While ending in October with the implementation of CARM, importers currently have the option to utilize the bond of their customs brokers to qualify for the RPP program. Additionally, this has allowed customs brokers to pay the duty and tax on behalf of their clients. 

D120 Bond

When CARM goes live, the option for importers to be broker backed ends. In its place, commercial importers have two options when it comes to qualifying for the RPP program. The first option is the D120 bond - a purchasable bond that is applied for externally but managed in the CARM Client portal and has to be equal to 50% of the highest monthly accounts receivable with CBSA in the past 12 months with a minimum of $5,000 for the importer to qualify for the program. For help getting your own D120 bond, please reach out to our team today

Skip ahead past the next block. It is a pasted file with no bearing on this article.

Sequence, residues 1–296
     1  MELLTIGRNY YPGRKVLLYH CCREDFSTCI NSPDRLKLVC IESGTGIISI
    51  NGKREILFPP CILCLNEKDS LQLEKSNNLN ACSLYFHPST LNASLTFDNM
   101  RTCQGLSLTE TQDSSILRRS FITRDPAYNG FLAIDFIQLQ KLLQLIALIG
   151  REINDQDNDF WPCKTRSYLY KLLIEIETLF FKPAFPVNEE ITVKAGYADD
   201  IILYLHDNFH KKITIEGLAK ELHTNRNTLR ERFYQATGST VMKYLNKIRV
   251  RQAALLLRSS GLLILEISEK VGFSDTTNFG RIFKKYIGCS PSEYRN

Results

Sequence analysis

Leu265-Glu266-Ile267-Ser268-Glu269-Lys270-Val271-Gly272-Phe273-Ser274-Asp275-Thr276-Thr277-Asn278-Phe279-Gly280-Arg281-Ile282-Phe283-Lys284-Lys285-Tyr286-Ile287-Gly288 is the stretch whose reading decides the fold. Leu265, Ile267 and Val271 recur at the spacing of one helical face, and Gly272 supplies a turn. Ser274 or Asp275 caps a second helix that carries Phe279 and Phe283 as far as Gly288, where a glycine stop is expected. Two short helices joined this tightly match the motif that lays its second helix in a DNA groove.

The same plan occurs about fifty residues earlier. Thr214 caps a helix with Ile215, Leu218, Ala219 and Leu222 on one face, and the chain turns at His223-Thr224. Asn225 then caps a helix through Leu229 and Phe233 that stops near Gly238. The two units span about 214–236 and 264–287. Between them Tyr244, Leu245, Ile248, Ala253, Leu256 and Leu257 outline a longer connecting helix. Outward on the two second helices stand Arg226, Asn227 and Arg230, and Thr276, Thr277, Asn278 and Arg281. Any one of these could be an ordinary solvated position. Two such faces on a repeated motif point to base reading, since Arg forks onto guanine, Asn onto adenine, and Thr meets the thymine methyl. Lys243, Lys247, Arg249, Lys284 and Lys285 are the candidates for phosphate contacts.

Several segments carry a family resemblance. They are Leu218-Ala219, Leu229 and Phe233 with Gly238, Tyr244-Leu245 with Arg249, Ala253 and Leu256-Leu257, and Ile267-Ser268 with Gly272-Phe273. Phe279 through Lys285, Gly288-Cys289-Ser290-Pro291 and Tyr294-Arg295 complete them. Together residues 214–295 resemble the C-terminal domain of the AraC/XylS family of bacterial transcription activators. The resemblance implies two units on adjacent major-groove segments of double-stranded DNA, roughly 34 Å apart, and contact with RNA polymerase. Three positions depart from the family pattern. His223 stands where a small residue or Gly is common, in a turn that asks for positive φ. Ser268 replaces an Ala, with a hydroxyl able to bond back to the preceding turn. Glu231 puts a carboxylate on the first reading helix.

Cash Bond

The second option once CARM is fully implemented is the option to simply post your own securities in the form of a credit card or cash deposit equal to 100% of your highest monthly accounts receivable with CBSA in the past 12 months.

Bonds are a vital piece of the global trade puzzle, and choosing the right one for your business needs is just as important to an importer as it is to a carrier. For more information, help choosing what kind of bond makes the most sense for your business or assistance applying, please get in touch with our import specialists today. We can help you get the advice and the bonds you need.

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PCB Group

Pacific Customs Brokers Ltd., Pacific Customs Brokers Inc., PCB Freight Management

While we strive for accuracy in all our communications, as the Importer of Record it is incumbent upon your company to ensure that you are aware of the requirements under the new regulations so that you maintain compliance as always.